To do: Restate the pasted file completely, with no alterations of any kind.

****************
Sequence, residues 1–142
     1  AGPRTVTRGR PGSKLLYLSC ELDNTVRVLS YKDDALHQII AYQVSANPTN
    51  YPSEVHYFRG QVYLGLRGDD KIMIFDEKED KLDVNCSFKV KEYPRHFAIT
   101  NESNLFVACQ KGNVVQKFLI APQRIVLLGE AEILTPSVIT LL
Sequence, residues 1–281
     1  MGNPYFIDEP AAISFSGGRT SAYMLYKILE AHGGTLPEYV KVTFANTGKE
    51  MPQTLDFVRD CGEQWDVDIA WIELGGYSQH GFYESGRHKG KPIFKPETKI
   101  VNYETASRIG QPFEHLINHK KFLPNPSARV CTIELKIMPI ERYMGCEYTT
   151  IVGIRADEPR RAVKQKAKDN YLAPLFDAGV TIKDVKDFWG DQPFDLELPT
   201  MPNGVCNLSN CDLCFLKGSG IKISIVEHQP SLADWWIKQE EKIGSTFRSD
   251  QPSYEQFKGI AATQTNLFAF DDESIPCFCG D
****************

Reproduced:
Sequence, residues 1–142
     1  AGPRTVTRGR PGSKLLYLSC ELDNTVRVLS YKDDALHQII AYQVSANPTN
    51  YPSEVHYFRG QVYLGLRGDD KIMIFDEKED KLDVNCSFKV KEYPRHFAIT
   101  NESNLFVACQ KGNVVQKFLI APQRIVLLGE AEILTPSVIT LL
Sequence, residues 1–281
     1  MGNPYFIDEP AAISFSGGRT SAYMLYKILE AHGGTLPEYV KVTFANTGKE
    51  MPQTLDFVRD CGEQWDVDIA WIELGGYSQH GFYESGRHKG KPIFKPETKI
   101  VNYETASRIG QPFEHLINHK KFLPNPSARV CTIELKIMPI ERYMGCEYTT
   151  IVGIRADEPR RAVKQKAKDN YLAPLFDAGV TIKDVKDFWG DQPFDLELPT
   201  MPNGVCNLSN CDLCFLKGSG IKISIVEHQP SLADWWIKQE EKIGSTFRSD
   251  QPSYEQFKGI AATQTNLFAF DDESIPCFCG D